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“Shark Week”- The Tooth, the Whole Tooth, and Nothing but the Tooth

Sink Your Teeth into a Week of Family Fun at the Tennessee Aquarium.

Chattanooga, Tenn. (July 17th, 2007) – Simply mentioning the word shark conjures up the vision of the blood-thirsty eating machines that have been shown on movie screens and television sets. In fact, these images have been seen so often some people can’t enjoy a day at the beach without scanning the waters for an oversized dorsal fin. But in reality sharks are the ones in trouble worldwide and need our protection.

The Tennessee Aquarium is partnering with the Association of Zoos and Aquariums to help inspire everyone to see sharks as an important natural resource worthy of conservation. During the Discovery Channel’s 20th anniversary of “Shark WeekJuly 29th through August 4th, the Tennessee Aquarium has scheduled special activities, giveaways and events to raise awareness about declining shark populations and why everyone should be concerned. “The declining shark population in one case has allowed an increase in cownose rays which in turn wiped out an entire scallop fishery which had existed for over a century,” reports Thom Demas, curator of fishes at the Aquarium. “Sharks are in the oceans to keep the complex food webs in check.”

Looking for the truth about sharks? Nick Caloyianis has the answers. This award winning underwater filmmaker has captured over 40 different shark species on film or video. Caloyianis has achieved several shark firsts in his spectacular career including being the first to film a Greenland shark under the ice, and being the first person to film the mating behavior of any shark species. He and his partner Clarita Berger will make a special presentation “In the World of Sharks” at the Tennessee Aquarium July 31st at 7:00 p.m. “I plan on having a conversation with the audience at the Aquarium about my experiences underwater and showing some things that have never been seen before,” said Caloyianis. “I work with photographing high profile animals like sharks and conserving those animals.” That is a powerful statement coming from a man who almost had his underwater film career ended by a bull shark.

Learn the whole truth about sharks from divers in the Aquarium’s Secret Reef. Fantastic and fun shark facts will be presented while toothy Sandbar and Sand Tiger sharks swim slowly among the divers. Ask them about the shark’s teeth, eating habits and how they live. The answers may be surprising. “We hope that after seeing these amazing creatures in the Secret Reef, folks will remember that we must be good stewards of our planet’s natural resources,” said Demas. Volunteers will also be ready to reveal the whole truth about bamboo and epaulette sharks while visitors are encouraged to touch them at Shark Island. Special “Shark Week” facts will also be posted near every display with sharks.

Dive into adventure and get nothing but the truth about sharks with a special return engagement of “Sharks 3D” at the IMAX 3D Theater. During “Shark Week” at the Tennessee Aquarium, IMAX audiences will have the opportunity to come face to face with several shark species filmed in their natural environment twice daily. The thrilling 3D images and compelling script aim to rehabilitate the public image of sharks and help put an end to the steady decline of the global shark population. Presented by Jean-Michael Cousteau, “Sharks 3D” features the facts about Great White, Hammerhead and Sand Tiger sharks like those seen at the Aquarium. “Sharks 3D sheds new light on the urgent need to protect these magnificent endangered animals, which are so essential to the survival of our oceans,” Cousteau said. “To inspire and educate people to act responsibly in order to ensure the preservation of the world’s oceans is a mission the film and I have long shared.”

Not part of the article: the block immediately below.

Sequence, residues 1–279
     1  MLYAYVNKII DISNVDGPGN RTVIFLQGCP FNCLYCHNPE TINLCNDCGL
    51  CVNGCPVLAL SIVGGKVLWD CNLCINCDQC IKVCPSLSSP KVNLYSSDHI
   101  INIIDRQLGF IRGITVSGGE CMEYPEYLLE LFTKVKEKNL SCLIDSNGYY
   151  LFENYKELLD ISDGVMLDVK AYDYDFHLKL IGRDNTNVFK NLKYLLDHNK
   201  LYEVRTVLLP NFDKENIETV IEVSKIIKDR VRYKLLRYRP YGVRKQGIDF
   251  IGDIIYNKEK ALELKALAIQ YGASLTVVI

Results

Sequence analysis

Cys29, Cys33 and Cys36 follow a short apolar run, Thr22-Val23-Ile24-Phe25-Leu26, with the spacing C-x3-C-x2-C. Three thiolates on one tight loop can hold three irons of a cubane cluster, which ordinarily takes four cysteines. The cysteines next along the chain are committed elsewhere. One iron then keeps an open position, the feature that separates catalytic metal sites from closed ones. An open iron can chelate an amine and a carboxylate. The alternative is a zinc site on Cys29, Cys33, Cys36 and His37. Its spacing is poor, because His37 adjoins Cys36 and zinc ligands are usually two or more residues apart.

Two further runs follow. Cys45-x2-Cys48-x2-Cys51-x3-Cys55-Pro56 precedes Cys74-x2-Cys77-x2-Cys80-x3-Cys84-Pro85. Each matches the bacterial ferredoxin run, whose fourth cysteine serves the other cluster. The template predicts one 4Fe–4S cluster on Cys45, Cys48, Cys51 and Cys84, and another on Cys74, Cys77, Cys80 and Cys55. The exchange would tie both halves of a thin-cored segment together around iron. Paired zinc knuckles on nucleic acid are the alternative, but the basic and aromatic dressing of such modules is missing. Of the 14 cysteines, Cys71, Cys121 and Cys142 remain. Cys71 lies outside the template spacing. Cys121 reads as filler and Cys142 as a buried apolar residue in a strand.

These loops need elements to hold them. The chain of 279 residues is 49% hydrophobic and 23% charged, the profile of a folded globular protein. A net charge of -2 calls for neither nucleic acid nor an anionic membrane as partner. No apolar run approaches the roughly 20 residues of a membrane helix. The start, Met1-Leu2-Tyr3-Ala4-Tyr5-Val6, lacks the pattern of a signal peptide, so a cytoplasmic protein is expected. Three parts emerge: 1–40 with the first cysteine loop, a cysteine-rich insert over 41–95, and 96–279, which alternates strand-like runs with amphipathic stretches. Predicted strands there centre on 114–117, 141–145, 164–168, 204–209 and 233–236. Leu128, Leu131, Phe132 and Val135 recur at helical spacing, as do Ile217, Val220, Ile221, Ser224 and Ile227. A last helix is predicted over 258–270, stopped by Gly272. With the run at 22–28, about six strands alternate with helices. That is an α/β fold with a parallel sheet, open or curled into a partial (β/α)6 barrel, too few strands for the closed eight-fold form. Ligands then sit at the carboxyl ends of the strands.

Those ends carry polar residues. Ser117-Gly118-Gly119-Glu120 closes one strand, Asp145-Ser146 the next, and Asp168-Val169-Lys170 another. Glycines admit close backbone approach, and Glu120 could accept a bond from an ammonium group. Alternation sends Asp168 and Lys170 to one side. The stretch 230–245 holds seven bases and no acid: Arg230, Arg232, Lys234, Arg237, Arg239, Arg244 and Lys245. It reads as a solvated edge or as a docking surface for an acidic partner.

In addition, Sandie the Shark will give the first 500 children admitted to the Tennessee Aquarium one of the following “Shark Week” items:

  • A fact filled “Shark Week” brochure with 2 iron-ons so kids can create their own “Shark Week” T-shirt.
  • “Warning - Shark Attack” book by Mark Shulman. A fun and engaging children’s book filled with shark facts and pictures.
  • Top Trump Shark Week Cards. These fun trading cards feature sharks and rays and provide information about the species on the card.

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The Tennessee Aquarium inspires wonder and appreciation for the natural world. Admission is $19.95 per adult and $10.95 per child, ages 3-12. Each ticket purchased helps support Aquarium conservation programs. The IMAX® 3D Theater is next door to the Aquarium. Ticket prices are $7.95 per adult and $5.50 per child. Aquarium/IMAX combo tickets are $24.95 for adults and $14.95 for children. Advance tickets may be purchased online at www.tnaqua.org or by phone at 1-800-262-0695. The Aquarium, located on the banks of the Tennessee River in Chattanooga, is a non-profit organization. Open every day except Thanksgiving and Christmas, the Aquarium and IMAX are accessible to people with disabilities. Members enjoy unlimited visits and other benefits. Call 267-FISH to join.

ONLINE downloadable images: http://www.tnaqua.org/Newsroom/Photo_library.asp



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